Pfaehler v. Ten Cent Taxi Co.

Citation198 S.C. 476,18 S.E.2d 331
Decision Date07 January 1942
Docket NumberNo. 15349.,15349.
PartiesPFAEHLER . v. TEN CENT TAXI CO. (two cases).
CourtUnited States State Supreme Court of South Carolina

18 S.E.2d 331
198 S.C. 476

TEN CENT TAXI CO. (two cases).

No. 15349.

Supreme Court of South Carolina.

Jan. 7, 1942.

[18 S.E.2d 332]

Appeal from Common Pleas Court of Charleston County; Wm. H. Grimball, Judge.

Actions by Edward A. Pfaehler and by Annie C. Pfaehler against the Ten Cent Taxi Company, for injuries sustained in automobile collision. Verdicts and judgments for plaintiffs in the Civil and Criminal Court, and the defendant appealed to the Court of Common Pleas. From a judgment of the Court of Common Pleas reversing the judgment of the Civil and Criminal Court and ordering the case back to the Civil and Criminal Court for new trial, the plaintiffs appeal.

Reversed and remanded for entry of judgments upon the verdicts.

Waring & Brockinton, of Charleston, for appellant.

Hagood, Rivers & Young, of Charleston, for respondent.

BONHAM, Chief Justice.

These two actions were tried in the Civil and Criminal Court of Charleston, and were heard together as they grew out of the same state of facts. The plaintiffs in the actions are husband and wife. The action of Edward A. Pfaehler is to recover damages for injury to his automobile and to his person; and that of Mrs. Annie C. Pfaehler is for injuries to the person. There were ver dicts for each plaintiff. Briefly stated, the facts upon which the actions were tried, as alleged in the complaints, were these:

Mr. and Mrs. Pfaehler were driving their automobile on Meeting Street, in Charleston, on the 21st of June, 1936, when an automobile, the property of the defendant, was, as is alleged, carelessly, negligently and recklessly driven into and upon their automobile, which did great damage to it, and inflicted personal injuries to both of the occupants.

The defendant, by its answer, admitted the ownership of the automobile, but denied the other allegations of the complaint, and stood, on the trial, upon the ground that the automobile was not in its possession, nor being operated for its benefit, when the collision occurred.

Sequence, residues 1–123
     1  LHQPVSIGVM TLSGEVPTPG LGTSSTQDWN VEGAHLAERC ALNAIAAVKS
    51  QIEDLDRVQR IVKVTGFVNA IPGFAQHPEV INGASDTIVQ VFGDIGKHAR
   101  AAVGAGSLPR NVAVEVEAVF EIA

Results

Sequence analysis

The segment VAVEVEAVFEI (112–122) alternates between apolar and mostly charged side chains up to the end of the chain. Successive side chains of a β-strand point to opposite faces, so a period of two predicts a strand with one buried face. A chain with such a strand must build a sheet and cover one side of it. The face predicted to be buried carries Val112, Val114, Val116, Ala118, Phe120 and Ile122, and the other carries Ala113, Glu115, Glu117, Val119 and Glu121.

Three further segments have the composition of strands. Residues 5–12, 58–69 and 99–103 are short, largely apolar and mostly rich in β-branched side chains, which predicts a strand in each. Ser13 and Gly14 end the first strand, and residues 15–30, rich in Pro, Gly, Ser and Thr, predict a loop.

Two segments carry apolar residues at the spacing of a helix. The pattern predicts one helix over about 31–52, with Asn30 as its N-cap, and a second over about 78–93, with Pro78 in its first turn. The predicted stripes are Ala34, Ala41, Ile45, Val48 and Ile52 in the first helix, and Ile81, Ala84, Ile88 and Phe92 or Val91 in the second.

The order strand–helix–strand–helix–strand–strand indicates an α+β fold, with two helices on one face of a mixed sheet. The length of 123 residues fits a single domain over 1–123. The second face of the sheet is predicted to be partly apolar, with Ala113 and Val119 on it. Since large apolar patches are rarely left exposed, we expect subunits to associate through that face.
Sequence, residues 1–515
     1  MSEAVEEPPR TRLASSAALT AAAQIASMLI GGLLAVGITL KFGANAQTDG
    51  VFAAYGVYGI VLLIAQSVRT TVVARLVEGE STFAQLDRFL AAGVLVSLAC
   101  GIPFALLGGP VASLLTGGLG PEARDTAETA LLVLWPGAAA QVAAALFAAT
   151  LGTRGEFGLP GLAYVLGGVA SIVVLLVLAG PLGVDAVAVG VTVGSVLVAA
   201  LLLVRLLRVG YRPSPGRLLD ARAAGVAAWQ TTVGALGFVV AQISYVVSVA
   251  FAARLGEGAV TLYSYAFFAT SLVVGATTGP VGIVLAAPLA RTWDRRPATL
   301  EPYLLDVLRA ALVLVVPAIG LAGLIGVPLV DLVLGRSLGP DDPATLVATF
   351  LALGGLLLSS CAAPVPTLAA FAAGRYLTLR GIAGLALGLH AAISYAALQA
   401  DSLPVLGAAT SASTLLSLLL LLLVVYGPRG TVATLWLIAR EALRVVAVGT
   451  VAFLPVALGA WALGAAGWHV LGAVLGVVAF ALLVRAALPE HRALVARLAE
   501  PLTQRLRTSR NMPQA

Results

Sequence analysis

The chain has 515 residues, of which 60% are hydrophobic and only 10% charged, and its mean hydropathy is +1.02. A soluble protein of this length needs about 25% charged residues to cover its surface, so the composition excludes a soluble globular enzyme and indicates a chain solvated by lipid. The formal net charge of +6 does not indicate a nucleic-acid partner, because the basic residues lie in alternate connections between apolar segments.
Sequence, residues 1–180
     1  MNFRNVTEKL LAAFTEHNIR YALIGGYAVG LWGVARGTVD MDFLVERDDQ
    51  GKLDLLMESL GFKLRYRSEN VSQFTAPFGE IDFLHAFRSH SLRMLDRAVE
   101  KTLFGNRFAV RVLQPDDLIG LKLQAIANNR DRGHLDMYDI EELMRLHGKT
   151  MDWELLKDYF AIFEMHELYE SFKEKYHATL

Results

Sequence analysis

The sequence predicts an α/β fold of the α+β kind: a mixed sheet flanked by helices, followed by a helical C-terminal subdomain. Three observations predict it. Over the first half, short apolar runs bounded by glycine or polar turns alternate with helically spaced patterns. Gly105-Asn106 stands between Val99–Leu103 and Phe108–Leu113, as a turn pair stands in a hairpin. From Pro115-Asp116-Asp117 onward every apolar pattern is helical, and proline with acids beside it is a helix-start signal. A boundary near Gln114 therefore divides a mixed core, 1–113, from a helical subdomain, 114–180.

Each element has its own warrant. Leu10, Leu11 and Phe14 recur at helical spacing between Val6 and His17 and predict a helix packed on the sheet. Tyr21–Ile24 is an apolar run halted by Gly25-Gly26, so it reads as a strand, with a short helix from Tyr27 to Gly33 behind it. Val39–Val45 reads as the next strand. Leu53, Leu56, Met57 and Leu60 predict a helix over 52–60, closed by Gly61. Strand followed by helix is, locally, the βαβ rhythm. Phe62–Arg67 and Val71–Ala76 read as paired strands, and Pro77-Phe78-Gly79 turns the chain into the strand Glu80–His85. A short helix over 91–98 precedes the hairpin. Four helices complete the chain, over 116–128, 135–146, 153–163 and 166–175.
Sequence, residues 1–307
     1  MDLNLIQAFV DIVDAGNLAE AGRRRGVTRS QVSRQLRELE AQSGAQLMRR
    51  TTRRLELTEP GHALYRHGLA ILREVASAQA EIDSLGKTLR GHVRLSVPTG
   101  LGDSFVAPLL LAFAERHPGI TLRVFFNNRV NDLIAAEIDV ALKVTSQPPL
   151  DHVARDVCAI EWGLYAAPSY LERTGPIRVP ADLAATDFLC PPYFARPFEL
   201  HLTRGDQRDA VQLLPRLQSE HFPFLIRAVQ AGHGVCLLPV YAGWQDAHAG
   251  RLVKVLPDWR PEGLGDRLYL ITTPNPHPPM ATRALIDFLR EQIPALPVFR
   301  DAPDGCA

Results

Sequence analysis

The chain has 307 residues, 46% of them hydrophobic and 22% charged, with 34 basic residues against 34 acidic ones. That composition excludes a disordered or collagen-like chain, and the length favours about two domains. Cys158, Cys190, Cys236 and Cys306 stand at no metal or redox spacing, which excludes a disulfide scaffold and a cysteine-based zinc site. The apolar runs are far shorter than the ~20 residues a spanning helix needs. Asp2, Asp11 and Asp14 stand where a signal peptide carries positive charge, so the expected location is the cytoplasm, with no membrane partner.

As stated, the verdicts were for the plaintiffs. Upon the appeal of the defendant to the Court of Common Pleas for Charleston County, it was heard by the Honorable William H. Grimball, Presiding Judge, who, by his order, dated May 28, 1940, reversed the action of the Civil and Criminal Court, and ordered the case back for a new trial. From that order, appeal comes to this court upon two exceptions, as follows:

"1. In holding that a new trial should be granted because the Trial Judge charged the jury as to Ordinances of the City of Charleston, whereas he should have held:

"(a) The charge on the Ordinances was not asked for or objected to by either party.

"(b) The charge was in no sense prejudicial and did not affect the outcome of the case.

"(c) There was no denial by the Defendant that the car was being operated negligently and illegally, the defense being that the Defendant was not responsible for such operation.

"(d) The charge could not in any way have affected the outcome of the cases, since there was an abundance of proof that the taxi cab was being negligently operated and there was no denial of the same.

"2. In holding that the Defendant was not responsible for the operation of the taxi cab involved in the collision and that the Trial Judge should have directed a verdict, whereas the testimony showed:

"(a) That Arnold Rose, the driver and duly constituted agent of the Defendant, was in the sole and exclusive control of the taxi cab and placed an intoxicated per-

[18 S.E.2d 333]

son in the front seat next to the driver's seat, placed the ignition key where it was available for the starting of the car and himself left the automobile under the complete control and possession of the intoxicated person.

"(b) In that the said driver and agent of the Defendant failed to use due care and prudence in the conduct and handling of Defendant's automobile and allowed it to be taken away and negligently operated.

"(c) The negligence of Defendant's agent and servant, to wit: the driver was the direct and proximate cause of the collision, which resulted in the injuries to the Plaintiffs' persons and property."

It appears from the record that Arnold Rose, the employee of defendant company, on...

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